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Battle with Caroli disease is daily routine for family

Area residents are organizing a benefit to help a Selby area family in the battle against a rare disease that has inflicted Taelyn Hettick, a kindergartner at Selby Area School.
She is the daughter of Chris and Alexis Hettick who are both teachers at the Selby Area School. Chris is also a football, basketball, and golf coach and Alexis teaches sixth grade. The Hetticks have three children, Tray, who is in seventh grade, Taryn, who is in third grade and Taelyn. They are a typical family with the kids involved in school activities. Tray and Taryn enjoy participating in sports and Taelyn is a ballerina.
The Hettick family is facing a medical situation that is a test of strength and faith. Taelyn has been diagnosed with Caroli disease, a rare and incurable disease that affects the kidneys, liver, and other organs. Caroli disease is a birth defect and the exact cause is unknown. The disease affects about one in 1 million people.
Antibiotics are used to treat the inflammation of the bile duct but the disease can be stemmed through organ transplantation.
Currently, the Hettick family is relying on specialists to decide on a plan of action for Taelyn’s care.
“We have three teams of doctors who are watching out for her,” said Alexis. “We feel it was God’s work that we found out when we did that she had this so she can get the help she needs.”
Taelyn is feeling good now, but it was a fever that sent the family to the Bowdle Clinic and medical personnel who picked up on some signs that it was something other than just a childhood illness, that led to the diagnosis of Caroli’s Disease.
“They took her blood and everything was low. They were worried about leukemia,” said Alexis. “There was also some swelling in her stomach so they took x-rays and discovered some other issues.”
Taelyn was sent to Sioux Falls where the doctors diagnosed her disease. She is also seeing a team of doctors at the Children’s Hospital in Minnesota. Taelyn has been put on a transplant list and can be matched with a suitable donor sometime in the future.
Taelyn takes daily medications and vitamins to help with her nutritional needs, as her liver does not function correctly. Her mother said she is feeling really good right now, but they are taking extra precautions to keep her from getting colds or the flu.
Alexis said the family’s faith is getting them through the difficult times and that her daughter has a strong relationship with God.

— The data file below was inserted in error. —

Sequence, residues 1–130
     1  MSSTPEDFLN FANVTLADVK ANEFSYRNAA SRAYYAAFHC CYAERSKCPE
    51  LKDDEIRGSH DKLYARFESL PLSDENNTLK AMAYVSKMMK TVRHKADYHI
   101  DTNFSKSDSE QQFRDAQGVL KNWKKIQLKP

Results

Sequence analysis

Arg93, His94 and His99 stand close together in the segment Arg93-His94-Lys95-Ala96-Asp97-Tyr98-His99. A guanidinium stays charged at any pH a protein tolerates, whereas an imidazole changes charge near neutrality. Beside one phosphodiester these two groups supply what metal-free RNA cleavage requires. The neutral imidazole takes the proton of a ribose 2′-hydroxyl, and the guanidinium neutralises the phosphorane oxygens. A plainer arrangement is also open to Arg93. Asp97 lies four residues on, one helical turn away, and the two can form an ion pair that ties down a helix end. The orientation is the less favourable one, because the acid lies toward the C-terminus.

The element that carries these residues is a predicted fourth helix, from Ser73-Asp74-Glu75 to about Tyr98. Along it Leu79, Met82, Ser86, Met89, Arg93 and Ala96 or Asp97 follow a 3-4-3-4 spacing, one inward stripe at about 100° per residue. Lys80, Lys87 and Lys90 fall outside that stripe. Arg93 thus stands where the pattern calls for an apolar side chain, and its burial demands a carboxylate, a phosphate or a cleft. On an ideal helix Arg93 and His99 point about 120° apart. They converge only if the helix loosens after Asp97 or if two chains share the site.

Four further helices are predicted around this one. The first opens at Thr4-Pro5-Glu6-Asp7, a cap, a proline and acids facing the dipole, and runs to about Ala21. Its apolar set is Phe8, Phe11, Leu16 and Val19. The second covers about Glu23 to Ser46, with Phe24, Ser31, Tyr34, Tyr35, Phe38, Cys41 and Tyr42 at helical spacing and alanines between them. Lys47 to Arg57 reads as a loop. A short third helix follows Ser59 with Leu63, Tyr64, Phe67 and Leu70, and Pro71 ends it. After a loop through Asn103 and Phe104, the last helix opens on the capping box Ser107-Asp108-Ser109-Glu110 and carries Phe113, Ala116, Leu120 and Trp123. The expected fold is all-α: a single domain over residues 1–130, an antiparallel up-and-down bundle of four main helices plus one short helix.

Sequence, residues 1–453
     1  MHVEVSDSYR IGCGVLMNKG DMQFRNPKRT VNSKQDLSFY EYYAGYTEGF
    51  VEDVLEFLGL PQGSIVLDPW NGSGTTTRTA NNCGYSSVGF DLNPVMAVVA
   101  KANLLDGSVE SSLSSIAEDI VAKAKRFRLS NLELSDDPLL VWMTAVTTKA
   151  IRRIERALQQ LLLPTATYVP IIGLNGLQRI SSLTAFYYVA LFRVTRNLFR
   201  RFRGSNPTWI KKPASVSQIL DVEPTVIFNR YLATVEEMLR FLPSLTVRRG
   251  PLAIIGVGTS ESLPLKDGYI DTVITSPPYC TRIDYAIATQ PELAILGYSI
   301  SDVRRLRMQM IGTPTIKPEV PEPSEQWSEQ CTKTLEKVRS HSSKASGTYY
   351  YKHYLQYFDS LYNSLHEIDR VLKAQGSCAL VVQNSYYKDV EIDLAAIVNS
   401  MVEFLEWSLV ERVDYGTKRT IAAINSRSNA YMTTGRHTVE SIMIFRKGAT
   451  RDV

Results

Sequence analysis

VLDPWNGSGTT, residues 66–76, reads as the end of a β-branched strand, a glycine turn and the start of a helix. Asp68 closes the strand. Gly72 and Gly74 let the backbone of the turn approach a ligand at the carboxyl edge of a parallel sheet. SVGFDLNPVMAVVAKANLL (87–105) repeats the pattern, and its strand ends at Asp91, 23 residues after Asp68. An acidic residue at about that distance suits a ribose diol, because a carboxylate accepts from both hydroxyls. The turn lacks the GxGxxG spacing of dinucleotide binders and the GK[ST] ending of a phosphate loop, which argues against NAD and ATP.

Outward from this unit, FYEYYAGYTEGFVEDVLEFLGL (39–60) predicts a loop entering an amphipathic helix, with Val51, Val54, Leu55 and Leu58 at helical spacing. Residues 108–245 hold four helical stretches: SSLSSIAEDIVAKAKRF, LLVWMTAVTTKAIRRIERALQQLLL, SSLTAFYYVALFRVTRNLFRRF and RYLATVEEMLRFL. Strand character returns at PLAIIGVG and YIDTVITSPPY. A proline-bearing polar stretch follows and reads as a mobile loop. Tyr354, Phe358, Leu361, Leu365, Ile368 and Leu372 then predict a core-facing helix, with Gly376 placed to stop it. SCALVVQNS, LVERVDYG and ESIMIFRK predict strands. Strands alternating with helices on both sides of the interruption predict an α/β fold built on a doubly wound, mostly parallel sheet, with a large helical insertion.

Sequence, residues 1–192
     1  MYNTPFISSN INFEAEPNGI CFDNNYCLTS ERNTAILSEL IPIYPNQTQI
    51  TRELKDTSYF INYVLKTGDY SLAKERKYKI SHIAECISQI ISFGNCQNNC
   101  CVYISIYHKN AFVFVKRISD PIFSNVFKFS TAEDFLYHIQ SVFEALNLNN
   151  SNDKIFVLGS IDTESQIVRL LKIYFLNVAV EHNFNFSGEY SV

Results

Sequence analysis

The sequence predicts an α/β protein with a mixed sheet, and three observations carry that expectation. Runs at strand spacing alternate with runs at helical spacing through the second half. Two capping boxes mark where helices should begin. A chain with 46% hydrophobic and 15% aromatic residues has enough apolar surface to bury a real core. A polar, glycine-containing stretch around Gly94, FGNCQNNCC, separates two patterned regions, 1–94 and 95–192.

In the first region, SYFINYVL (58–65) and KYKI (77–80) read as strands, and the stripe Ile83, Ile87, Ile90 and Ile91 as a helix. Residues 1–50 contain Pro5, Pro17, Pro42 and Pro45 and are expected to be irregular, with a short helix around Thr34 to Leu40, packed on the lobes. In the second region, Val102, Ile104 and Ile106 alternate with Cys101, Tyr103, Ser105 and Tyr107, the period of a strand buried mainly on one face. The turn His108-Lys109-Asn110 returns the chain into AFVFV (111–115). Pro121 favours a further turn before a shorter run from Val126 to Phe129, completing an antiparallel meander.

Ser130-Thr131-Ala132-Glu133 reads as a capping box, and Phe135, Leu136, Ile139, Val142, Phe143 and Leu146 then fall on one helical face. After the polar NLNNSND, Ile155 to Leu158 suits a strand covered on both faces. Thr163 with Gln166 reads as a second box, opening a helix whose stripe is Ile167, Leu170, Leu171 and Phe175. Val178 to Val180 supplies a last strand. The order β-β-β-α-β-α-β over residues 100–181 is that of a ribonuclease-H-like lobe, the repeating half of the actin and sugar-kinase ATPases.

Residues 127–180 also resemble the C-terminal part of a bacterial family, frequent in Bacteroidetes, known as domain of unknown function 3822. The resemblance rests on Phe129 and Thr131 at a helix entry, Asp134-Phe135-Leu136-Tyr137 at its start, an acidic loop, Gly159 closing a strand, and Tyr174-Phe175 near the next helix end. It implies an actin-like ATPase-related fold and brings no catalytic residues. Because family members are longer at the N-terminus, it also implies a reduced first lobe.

“We know that God cannot protect us from all the evil here on Earth, but He can help us get through it, and He can use bad to bring about good,” Alexis said. “She (Taelyn) prays and talks to Him often. We feel that God has a special purpose for her to share her faith with others so others come to know Him. She knows He loves her and is going to take care of her.”
The Selby area community is rallying around the Hettick family to help raise funds to help defray medical costs and travel expenses. There will be a benefit on Sunday, Feb. 11, at the Selby Area School with a meal and silent and live auctions of donated items. The meal will be served from 11:30 a.m. until 1:30 p.m. with the auctions to follow.
Donations for the benefit have been pouring in and include a wide variety of items from hand-sewn quilts and crocheted afghans to sides of beef and pork. There are several guns to auction and sports memorabilia from the South Dakota State University Jackrabbits, including a football helmet and jersey signed by coach John Steigelmeier. There are Minnesota Vikings photos and signed equipment, plus items from other professional and college teams.
Also up for auction are gift certificates from various merchants in the area and travel packages including hotel stays. There are gift certificates for a two-night stay and guided fishing tour from Bridge City Marina and a three-night package to the North Dakota Music Festival.
The most unique of the donated items comes from the Gosch family farms. A stud colt and a filly, born in April and May, will be auctioned. The horses are bred to work with cattle and come from a strong lineage from a Texas horse ranch.
There is also a benefit account set up at BankWest in Selby.
Benefit organizer Kim Biel said Thrivent and National Mutual Benefit Herreid Branch 99 would also match funds from the benefit.
Alexis said the kindness and support of the people of the community have been wonderful, and the family has been overwhelmed at the kindness of their community.
Anyone interested in donating items or making a monetary donation, may contact Kara Eisemann at the Selby Area School, at 605-649-7818 with auction Items and for monetary donations, Wayne Schmidt at BankWest at 605-649-7272.
– Katie Zerr –